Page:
Arson makes for ‘testing year’

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Having survived what it says has been a “baptism of fire” over the past 12 months, recycling enterprise Wastebusters says it is financially secure and optimistic the next year will see the company back in the black.
Wanaka Wastebusters Ltd ended the 2015-16 financial year with a “small deficit” of about $15,000, chairwoman Sally Battson told The News this week.
“We are happy with that, as we recognise that the organisation could have been more severely impacted financially by the fire that occurred at the Alexandra site last year.”
The fire gutted the reuse shop, staffroom and recycling plant at the Boundary Rd site.
Police arrested and charged an Alexandra man in connection with the arson attack on January1.
First established in Wanaka in 1999 and in Alexandra the following year, Wastebusters now employs 43 staff at the two depots.
Speaking at the organisation’s annual meeting on Thursday last week, Ms Battson said Wastebusters was “rebuilding cash reserves” as insurance claims had been met.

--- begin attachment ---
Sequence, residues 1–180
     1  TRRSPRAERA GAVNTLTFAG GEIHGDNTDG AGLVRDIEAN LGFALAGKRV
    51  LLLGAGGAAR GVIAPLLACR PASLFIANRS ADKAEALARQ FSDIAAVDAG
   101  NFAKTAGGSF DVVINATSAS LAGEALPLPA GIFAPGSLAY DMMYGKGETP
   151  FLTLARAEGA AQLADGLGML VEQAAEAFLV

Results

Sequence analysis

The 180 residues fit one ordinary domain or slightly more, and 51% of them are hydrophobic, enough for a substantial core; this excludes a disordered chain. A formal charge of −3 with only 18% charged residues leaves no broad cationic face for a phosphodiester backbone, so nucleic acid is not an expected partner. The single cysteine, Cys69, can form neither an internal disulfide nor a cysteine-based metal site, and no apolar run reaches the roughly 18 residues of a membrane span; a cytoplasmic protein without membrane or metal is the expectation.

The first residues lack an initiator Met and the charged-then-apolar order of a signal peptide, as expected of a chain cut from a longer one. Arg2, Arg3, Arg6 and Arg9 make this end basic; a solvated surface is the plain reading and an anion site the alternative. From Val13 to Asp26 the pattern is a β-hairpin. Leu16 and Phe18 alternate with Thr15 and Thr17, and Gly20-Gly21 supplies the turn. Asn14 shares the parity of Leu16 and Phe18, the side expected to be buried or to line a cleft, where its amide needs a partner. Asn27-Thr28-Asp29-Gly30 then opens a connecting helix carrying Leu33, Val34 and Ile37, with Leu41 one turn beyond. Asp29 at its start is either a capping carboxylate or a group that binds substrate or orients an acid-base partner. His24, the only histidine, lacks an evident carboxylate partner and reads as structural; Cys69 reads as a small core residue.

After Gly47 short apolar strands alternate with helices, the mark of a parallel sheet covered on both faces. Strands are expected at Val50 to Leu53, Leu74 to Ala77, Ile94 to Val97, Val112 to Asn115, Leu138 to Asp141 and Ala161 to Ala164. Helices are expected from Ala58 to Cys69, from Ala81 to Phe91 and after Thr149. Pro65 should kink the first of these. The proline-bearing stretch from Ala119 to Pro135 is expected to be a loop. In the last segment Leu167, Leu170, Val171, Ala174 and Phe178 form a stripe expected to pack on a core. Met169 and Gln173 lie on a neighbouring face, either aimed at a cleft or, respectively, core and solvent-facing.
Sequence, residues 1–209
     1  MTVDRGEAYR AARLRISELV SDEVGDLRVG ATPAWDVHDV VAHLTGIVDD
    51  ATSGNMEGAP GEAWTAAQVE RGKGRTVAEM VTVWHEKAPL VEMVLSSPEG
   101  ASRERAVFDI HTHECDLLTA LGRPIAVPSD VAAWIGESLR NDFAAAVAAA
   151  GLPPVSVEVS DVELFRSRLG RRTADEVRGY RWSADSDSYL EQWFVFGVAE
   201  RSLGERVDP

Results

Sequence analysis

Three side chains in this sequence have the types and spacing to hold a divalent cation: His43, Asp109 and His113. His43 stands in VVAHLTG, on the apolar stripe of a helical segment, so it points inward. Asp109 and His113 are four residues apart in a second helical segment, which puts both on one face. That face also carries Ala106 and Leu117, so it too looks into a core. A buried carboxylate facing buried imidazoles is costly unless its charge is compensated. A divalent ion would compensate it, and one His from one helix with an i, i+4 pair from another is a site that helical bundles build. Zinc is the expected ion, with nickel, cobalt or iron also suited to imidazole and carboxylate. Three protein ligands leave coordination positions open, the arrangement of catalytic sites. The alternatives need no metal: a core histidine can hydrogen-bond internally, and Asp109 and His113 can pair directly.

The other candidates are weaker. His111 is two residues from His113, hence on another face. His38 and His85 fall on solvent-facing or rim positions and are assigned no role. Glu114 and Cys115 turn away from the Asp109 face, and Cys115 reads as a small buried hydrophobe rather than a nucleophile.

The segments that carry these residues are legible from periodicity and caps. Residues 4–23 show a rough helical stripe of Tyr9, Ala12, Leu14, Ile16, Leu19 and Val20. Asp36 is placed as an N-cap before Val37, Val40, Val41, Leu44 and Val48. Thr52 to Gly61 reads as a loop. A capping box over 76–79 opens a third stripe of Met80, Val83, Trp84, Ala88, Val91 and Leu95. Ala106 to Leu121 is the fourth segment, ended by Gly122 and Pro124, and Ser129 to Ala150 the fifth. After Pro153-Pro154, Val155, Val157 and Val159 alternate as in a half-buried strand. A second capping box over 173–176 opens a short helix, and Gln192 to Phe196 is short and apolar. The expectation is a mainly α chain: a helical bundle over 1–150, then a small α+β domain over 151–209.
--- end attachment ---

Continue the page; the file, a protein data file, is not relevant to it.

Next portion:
The arson had made for a “testing year”.
“We were fully insured, which helped relieve the financial pressure, but the fire has placed huge demands on the time and resources of our general manager and staff.”
General manager Sue Coutts, who lives at Hawea Flat, had “worked an extraordinary number of hours” and never failed to go the “extra mile” travelling daily to the Alexandra site.
“It’s testament to the resilience and commitment of our staff that we have managed to grow and improve our Wanaka site while rebuilding and streamlining the Alexandra site,” Ms Battson said.
The board was happy with the small deficit and the year’s operating revenue of $1.8million derived from recycling, reuse and education services.
“We faced extra costs in providing all the information required by the insurance company and improving equipment and facilities rather than just replacing like with like.
“We also lost two months of trading for the Alexandra shop while the site was cleared ahead of a container ‘pop up’ shop being established,” Ms Battson said.
However, despite flat prices for recyclable materials and tough competition, the recycling side of the business had “picked up” and 555 Central Otago and Wanaka businesses now used the organisation, Ms Battson said.
Alexandra people had shown they loved the container shop, which sells clothing and household materials.
“It has become a real point of difference.”
Quotes for building a new, permanent shop were being obtained.
“Overall, we are optimistic about the next 12 months, including being optimistic that we could achieve a small surplus at the end of it.”